Flight Test Activities

Air To Air
Air To Ground
Barrier Test
Electronic Combat
Flying Qualities
Icing Tests
Take Off and Landing
Terrain Following
Unmanned Aerial Vechicle

Test and Support Aircraft


The AFFTC is also known throughout the world as home to the X-series Experimental Test aircraft. In 1946 testing began on the X-1, a rocket powered aircraft. On October 14 1947 the X-1 exceeded the speed of sound, piloted by Captain Chuck Yeager. The X-1 was affectionately known as “Glamorous Glennis”. For more than 60 years now these X planes and other experimental aircraft have pushed the envelope of flight to the edge of space. These very special aircraft have been at the leading edge of every major breakthrough in aviation history.

Milestones in Aviation History

Mach Speed Records

  1. 700+mph  Oct14 1947
  2. 1291mph   Nov 20 1953
  3. 2094mph   Sept 27 1956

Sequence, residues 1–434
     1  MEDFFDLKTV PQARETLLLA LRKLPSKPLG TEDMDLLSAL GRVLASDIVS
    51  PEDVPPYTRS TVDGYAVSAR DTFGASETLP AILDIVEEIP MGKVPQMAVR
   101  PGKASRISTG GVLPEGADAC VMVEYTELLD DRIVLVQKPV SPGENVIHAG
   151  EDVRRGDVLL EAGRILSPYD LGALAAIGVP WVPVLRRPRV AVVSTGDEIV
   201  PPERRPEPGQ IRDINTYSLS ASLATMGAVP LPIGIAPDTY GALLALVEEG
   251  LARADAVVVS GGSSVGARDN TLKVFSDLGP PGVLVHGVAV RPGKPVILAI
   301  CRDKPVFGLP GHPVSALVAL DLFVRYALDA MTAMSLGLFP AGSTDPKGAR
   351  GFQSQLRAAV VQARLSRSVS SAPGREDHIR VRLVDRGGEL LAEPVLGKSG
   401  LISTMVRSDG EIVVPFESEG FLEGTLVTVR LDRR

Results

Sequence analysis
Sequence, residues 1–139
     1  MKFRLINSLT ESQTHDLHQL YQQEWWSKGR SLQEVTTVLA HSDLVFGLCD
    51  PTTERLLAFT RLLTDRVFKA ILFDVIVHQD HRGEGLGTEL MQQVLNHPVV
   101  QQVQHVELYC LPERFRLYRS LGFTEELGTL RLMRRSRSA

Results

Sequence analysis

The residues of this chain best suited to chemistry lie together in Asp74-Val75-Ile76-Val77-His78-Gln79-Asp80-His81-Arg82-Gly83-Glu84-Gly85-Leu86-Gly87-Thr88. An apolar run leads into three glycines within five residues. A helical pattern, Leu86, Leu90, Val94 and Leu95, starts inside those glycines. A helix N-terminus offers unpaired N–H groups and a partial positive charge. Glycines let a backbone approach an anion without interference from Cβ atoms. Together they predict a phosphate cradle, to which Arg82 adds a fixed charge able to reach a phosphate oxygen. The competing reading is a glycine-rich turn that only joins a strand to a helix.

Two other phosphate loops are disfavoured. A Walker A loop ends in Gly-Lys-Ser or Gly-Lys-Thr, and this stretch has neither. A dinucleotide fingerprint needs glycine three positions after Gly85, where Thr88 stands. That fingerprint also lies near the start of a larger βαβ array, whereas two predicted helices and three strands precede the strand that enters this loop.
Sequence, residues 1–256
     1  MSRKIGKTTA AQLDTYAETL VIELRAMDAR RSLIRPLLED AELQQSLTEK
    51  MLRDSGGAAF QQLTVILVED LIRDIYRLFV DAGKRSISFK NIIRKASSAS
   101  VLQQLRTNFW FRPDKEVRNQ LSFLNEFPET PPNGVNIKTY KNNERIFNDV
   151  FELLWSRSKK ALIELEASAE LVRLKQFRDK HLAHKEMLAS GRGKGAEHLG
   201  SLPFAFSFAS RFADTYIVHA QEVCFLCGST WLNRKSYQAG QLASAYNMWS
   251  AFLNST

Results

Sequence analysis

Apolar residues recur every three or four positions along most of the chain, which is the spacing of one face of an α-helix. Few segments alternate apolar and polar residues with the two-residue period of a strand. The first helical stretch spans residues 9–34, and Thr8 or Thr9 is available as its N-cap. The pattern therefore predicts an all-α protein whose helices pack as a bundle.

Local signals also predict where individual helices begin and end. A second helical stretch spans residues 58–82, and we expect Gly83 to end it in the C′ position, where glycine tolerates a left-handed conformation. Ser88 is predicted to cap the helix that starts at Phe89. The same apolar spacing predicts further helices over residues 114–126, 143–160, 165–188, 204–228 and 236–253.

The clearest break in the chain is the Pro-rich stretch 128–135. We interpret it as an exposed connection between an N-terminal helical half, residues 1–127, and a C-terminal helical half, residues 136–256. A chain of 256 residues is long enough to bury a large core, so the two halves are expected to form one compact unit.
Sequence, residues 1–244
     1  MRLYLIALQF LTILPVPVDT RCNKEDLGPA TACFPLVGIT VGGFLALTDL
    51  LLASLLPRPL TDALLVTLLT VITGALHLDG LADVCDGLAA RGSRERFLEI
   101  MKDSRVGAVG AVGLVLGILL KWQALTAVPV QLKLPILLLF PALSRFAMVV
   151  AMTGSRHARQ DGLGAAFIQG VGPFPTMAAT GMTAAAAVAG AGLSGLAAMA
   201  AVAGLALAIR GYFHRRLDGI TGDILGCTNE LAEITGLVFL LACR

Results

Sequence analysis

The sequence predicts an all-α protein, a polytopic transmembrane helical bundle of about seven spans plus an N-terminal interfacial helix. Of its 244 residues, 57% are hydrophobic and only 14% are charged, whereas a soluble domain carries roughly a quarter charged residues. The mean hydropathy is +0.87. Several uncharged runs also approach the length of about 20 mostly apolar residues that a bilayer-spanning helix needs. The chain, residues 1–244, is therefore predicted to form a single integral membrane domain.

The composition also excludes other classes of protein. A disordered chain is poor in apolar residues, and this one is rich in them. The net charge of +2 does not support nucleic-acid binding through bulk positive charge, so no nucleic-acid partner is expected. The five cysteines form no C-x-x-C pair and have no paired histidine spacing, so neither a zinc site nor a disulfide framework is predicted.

4. 2905mph   Mar 7 1961
  5. 3603mph   Jun 23 1961
  6. 4094mph   Nov 9 1961

6.7 4520mph   Oct 3 1967

Altitude Records

   50000 feet    Aug 8 1949
100000 feet  Sept 7 1956
200000 feet  Oct 11 1961
300000 feet   Jul 17 1962

Technological Breakthroughs

   Turbojet flight  1942
Supersonic flight 1947
Vertical takeoff and landing  1957
Hypersonic flight  1961
Stealth technology  1979
Supercruise flight  1990

With figures such as the above it is easy to see why Edwards is so proud of its history, and rightly so.

On Base

Before entering the ramp area I was allowed to visit the many preserved aircraft around the base. With blue skies and lots of sunshine photographing these aircraft would prove to be very rewarding. After photographing many planes on poles, I was treated to a quick visit to the AFFTC Museum. This small but well laid out museum had some lovely exhibits including a YA-10B, B –52D, YA-7D and YF-111A to name but a few.

Next stop was the Test Pilots School ramp. Here could be found a multitude of  F-16’s  and T-38’s, all in different paint schemes. Full access was granted to the many barns that protected the Edwards aircraft from the desert sun. Although only a short amount of time was spent here, many aircraft were noted entering and exiting the ramp.